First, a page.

by   -   November 24, 2017

In this episode, Audrow Nash interviews Peter Adamczyk, Assistant Professor at the University of Wisconsin-Madison, on semi-active foot and ankle prostheses. The difference is that active below-knee prostheses work to move the person’s weight, emulating the calf muscle, while semi-active devices use small amounts of power to improve the performance of the prosthesis. Adamczyk discusses the motivation for semi-active devices and gives three examples: shiftable shapes, controllable keels, and alignable ankles.

by   -   November 11, 2017

In this interview, Audrow Nash interviews Marco Hutter, Assistant Professor for Robotic Systems at ETH Zürich, about a quadrupedal robot designed for autonomous operation in challenging environments, called ANYmal. Hutter discusses ANYmal’s design, the ARGOS oil and gas rig inspection challenge, and the advantages and complexities of quadrupedal locomotion. 

by   -   October 16, 2017

I am happy to announce that Robots Podcast will be renamed to “Robohub Podcast“.

by   -   October 14, 2017

In this episode, Audrow Nash interviews Chris Gerdes, Professor of Mechanical Engineering at Stanford University, about designing high-performance autonomous vehicles. The idea is to make vehicles safer, as Gerdes says, he wants to “develop vehicles that could avoid any accident that can be avoided within the laws of physics.”

In this interview, Gerdes discusses developing a model for high-performance control of a vehicle; their autonomous race car, an Audi TTS named ‘Shelley,’ and how its autonomous performance compares to ameteur and professional race car drivers; and an autonomous, drifting Delorean named ‘MARTY.’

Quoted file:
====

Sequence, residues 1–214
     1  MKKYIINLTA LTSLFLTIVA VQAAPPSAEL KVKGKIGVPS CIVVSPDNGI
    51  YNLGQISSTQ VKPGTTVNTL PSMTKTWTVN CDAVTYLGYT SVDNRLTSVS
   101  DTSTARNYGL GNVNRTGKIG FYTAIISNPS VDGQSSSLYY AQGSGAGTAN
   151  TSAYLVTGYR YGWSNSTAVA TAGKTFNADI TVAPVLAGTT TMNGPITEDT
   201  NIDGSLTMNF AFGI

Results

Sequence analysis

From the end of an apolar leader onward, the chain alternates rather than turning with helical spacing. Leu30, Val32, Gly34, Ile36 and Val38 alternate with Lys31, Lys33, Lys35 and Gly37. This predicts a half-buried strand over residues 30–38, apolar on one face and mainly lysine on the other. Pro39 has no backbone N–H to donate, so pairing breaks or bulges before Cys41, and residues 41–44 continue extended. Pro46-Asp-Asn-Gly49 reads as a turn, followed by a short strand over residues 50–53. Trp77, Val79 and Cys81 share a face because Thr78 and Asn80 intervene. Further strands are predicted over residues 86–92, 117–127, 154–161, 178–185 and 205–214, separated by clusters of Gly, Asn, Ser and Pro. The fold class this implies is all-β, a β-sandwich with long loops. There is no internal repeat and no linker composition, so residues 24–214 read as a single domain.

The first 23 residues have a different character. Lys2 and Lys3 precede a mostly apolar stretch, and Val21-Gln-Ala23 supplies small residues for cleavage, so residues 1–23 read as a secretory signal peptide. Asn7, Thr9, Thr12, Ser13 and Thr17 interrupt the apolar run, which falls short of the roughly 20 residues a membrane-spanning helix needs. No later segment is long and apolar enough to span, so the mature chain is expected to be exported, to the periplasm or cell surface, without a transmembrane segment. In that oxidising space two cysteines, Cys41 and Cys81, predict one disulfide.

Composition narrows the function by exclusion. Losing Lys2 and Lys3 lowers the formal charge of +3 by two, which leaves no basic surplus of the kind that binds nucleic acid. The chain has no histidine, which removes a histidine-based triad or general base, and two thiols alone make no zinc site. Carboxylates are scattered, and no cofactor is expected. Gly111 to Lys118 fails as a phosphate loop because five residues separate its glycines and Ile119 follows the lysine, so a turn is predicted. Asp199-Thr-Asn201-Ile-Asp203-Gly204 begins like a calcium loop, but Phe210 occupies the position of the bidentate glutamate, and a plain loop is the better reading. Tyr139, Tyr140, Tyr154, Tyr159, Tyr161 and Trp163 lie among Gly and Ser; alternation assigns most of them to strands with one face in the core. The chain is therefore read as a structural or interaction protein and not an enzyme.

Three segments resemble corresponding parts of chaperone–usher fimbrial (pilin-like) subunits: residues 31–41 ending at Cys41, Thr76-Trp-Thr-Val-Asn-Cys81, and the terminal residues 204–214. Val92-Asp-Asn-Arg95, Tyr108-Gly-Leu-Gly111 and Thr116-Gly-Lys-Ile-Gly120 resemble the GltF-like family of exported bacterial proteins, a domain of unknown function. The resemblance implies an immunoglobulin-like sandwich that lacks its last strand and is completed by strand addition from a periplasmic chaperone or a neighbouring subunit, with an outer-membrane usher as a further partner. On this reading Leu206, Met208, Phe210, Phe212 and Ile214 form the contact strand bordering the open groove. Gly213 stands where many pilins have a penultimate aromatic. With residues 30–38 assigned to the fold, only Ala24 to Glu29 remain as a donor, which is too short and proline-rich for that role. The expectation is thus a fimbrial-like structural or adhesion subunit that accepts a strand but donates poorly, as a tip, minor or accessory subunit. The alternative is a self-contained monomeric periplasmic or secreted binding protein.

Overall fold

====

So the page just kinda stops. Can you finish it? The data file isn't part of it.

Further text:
by   -   September 30, 2017

In this episode, Audrow Nash interviews Ayanna Howard, Professor at the Georgia Institute of Technology, about her work to help children with the movement disorder cerebral palsy. Howard discusses how robots and tablet can be used to “gamify” pediatric therapy. The idea is that if therapy is fun and engaging children are more likely to do it, and thus, they are more likely to see the long-term benefits of the therapy. Howard discusses how therapy is “gamified,” how a small humanoid robot is used to coach children, and how they work with pediatricians.

by   -   September 17, 2017

In this episode, Audrow Nash interviews Katsu Yamane, Senior Research Scientist at Disney, about robotics in Disney. Yamane discusses Disney’s history with robots, how Disney currently uses Robots, how designing robots at Disney is different than in academia or industry, a realistic robot simulator used by Disney’s animators, and on becoming a Disney Research “Imagineer.”

by   -   July 22, 2017

In this episode, Audrow Nash interviews Peter Corke, Professor of Robotics at the Queensland University of Technology and Director of the Australian Centre for Robotic Vision, about Robot Academy. Robot Academy is an online platform that provides free-to-use undergraduate-level learning resources for robotics and robotic vision.

In this episode, Audrow Nash interviews Sergey Levine, assistant professor at UC Berkeley, about deep learning on robotics. Levine explains what deep learning is and he discusses the challenges of using deep learning in robotics. Lastly, Levine speaks about his collaboration with Google and some of the surprising behavior that emerged from his deep learning approach (how the system grasps soft objects).

In addition to the main interview, Audrow interviewed Levine about his professional path. They spoke about what questions motivate him, why his PhD experience was different to what he had expected, the value of self-directed learning,  work-life balance, and what he wishes he’d known in graduate school.